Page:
Page Lee, “‘Conscience’ in Romans 13:5,” Faith and Mission 8 (Fall 1990): 87-88.
 C. A. Pierce, Conscience in the New Testament (London: SCM, 1955), 71.
 Harris, “Conscience in the Pauline Writings,” 180.
 A weaker brother is defined as one whose conscience constrains him from participating in practices that are not prohibited in Scripture. His conscience is not yet informed as to the wonderful liberation of grace received at salvation.
 John MacArthur, Jr. 1 Corinthians, The MacArthur New Testament Commentary (Chicago: Moody, 1984), 194-195.
 The word “perish” in verse 11 carries with it the idea of “to come to sin.”
 MacArthur, 1 Corinthians, 196.
 Hahn, “Conscience,” 1: 350.
 Roy E. Ciampa and Brian S. Rosner, The First Letter to the Corinthians, The Pillar New Testament Commentary (Grand Rapids: Eerdmans, 2010), 487-488.
 Hahn, “Conscience,” 1: 350.
 Harris, “Conscience in the Pauling Writings,” 183.
 Hahn, “Conscience,” 1: 350.
 MacArthur notes that this revelation encompasses the mystery of the incarnation of Christ (1 Tim 3:16), of the indwelling of Christ in believers (Col 1:26-27), of the unity of Jews and Gentiles in Christ (Eph 1:9; 3:4-6), of the saving gospel (Col 4:3), of lawlessness (2 Thes 2:7), and of the rapture of the church (1 Cor 15:51-52). John MacArthur, Jr., 1 Timothy, The MacArthur New Testament Commentary (Chicago: Moody, 1995), 128.
 The command given here is specifically for deacons, but the qualifications for deacons are qualifications that all believers should meet. That is the basis for the argument of the author when it is stated that all believers should hold to the mystery of the faith with a clear conscience.
 MacArthur, 1 Timothy, 128.
 Hahn, “Conscience,”, 1: 351.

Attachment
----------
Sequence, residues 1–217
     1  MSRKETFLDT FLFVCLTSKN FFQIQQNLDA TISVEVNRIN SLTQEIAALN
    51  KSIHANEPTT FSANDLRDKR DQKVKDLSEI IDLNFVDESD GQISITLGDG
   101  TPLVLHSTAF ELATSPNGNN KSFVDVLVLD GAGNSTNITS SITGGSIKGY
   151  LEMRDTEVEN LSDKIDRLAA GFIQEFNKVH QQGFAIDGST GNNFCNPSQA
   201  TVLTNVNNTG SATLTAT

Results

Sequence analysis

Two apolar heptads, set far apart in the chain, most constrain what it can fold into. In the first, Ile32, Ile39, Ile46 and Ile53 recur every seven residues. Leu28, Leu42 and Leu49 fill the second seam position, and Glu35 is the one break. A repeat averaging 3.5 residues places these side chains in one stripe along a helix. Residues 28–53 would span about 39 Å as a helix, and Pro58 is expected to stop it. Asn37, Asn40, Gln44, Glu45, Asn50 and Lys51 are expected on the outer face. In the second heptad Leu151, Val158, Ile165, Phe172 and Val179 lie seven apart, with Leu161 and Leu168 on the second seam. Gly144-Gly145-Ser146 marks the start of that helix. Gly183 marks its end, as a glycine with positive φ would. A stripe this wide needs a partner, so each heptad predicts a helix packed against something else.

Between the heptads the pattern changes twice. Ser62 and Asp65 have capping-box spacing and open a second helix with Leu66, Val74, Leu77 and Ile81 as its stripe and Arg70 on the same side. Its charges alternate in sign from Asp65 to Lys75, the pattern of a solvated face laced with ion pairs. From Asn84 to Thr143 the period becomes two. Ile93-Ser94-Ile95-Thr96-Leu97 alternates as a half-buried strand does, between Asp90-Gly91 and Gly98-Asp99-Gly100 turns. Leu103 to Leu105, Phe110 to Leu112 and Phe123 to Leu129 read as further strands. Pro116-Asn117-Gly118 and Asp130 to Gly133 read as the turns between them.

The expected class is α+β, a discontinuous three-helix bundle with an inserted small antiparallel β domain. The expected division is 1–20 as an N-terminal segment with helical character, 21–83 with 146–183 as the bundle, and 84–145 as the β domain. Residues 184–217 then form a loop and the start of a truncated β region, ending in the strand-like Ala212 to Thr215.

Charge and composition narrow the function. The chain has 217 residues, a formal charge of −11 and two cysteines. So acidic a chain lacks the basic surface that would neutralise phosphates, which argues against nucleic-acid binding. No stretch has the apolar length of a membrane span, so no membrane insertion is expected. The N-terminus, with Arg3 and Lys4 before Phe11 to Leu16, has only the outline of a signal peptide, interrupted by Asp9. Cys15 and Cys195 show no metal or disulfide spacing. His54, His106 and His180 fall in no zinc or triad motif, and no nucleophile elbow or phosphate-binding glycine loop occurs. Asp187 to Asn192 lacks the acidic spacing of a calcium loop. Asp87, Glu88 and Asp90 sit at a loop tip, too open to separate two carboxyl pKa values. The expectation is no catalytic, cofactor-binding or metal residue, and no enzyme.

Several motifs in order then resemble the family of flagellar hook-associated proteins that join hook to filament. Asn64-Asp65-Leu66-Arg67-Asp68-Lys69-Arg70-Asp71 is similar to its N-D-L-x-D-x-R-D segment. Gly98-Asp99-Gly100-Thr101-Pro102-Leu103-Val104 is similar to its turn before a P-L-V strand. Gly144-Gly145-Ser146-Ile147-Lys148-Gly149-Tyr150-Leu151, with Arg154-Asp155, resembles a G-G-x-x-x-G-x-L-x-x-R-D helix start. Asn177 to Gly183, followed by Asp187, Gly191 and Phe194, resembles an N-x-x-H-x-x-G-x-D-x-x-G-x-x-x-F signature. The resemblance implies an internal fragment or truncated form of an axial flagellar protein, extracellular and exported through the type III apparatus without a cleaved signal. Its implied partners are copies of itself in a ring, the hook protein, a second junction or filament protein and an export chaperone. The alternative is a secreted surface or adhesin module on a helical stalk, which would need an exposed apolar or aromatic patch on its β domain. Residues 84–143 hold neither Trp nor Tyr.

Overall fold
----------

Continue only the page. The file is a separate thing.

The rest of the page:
Thomas D. Lea and Hayne P. Griffin, Jr., 1 and 2 Timothy and Titus, The New American Commentary (Nashville: Broadman, 1992), 292.
 Roy B. Zuck and Darrell L. Bock, A Biblical Theology of the New Testament (Chicago: Moody, 1994), 366.
 Hahn, “Conscience,” 1: 351.
 Norman Hillyer, 1 and 2 Peter, Jude, New International Biblical Commentary (Peabody, Mass.: Hendrickson, 1992), 116.
 Zuck, “The Doctrine of the Conscience,” 332.
 Romans 2:15; 9:1; and 2 Cor 1:12 are the three texts used to describe the conscience as a witness. “Their actions show to all that they are aware of an inward moral law; their consciences show to themselves that they are aware of and sensitive to such a law; and their thoughts or reasoning which condemn or approve one another’s conduct show that they possess and follow an inward law or moral standard of some sort.” Zuck, “The Doctrine of Conscience,” 333.
 Matheson, “Conscience,” 101.
 Zuck, “The Doctrine of the Conscience,” 333.
 John Y. Clagett, The Christian Conscience (Schaumburg: Regular Baptist Press, 1984), 14.
 Matheson, “Conscience,” 111.
 Ibid., 112.
 Hallesby in his chapter entitled, “The Conscience of Fallen Man” argues extensively for an understanding that divides the conscience into two units: form and content. He defines content as “the concrete substance of the judgment which conscience pronounces” and form as “the peculiar function of the soul which tells man that he ought to do the will of God.” He goes on to argue that the form of conscience is the same in all men, and thus, infallible. However, he states that the content of conscience is very fallible because it is dependent on the extent of the knowledge of the will of God that that individual possesses. There are two major flaws in this argument. First, to argue that any part of depraved man is infallible is incredibly dangerous. Second, to dichotomize the conscience is to excuse our sin nature away simply as poor education of the consciences content. The conscience in fallen man is completely and totally depraved. Even though every man possesses the law of God written on their heart, their conscience can easily lead them astray through the deceitfulness of our sin nature (Jer 17:9). O. Hallesby, Conscience (Minneapolis: Augsburg, 1933), 41-42.